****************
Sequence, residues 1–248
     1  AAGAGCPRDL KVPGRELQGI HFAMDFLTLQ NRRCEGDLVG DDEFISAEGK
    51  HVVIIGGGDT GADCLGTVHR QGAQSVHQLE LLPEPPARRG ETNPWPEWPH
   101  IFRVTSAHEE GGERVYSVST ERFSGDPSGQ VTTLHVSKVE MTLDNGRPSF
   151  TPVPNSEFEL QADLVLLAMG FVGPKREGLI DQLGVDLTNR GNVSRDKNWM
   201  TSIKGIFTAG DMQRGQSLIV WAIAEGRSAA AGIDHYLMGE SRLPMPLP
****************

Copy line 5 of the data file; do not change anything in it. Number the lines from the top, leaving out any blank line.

   151  TPVPNSEFEL QADLVLLAMG FVGPKREGLI DQLGVDLTNR GNVSRDKNWM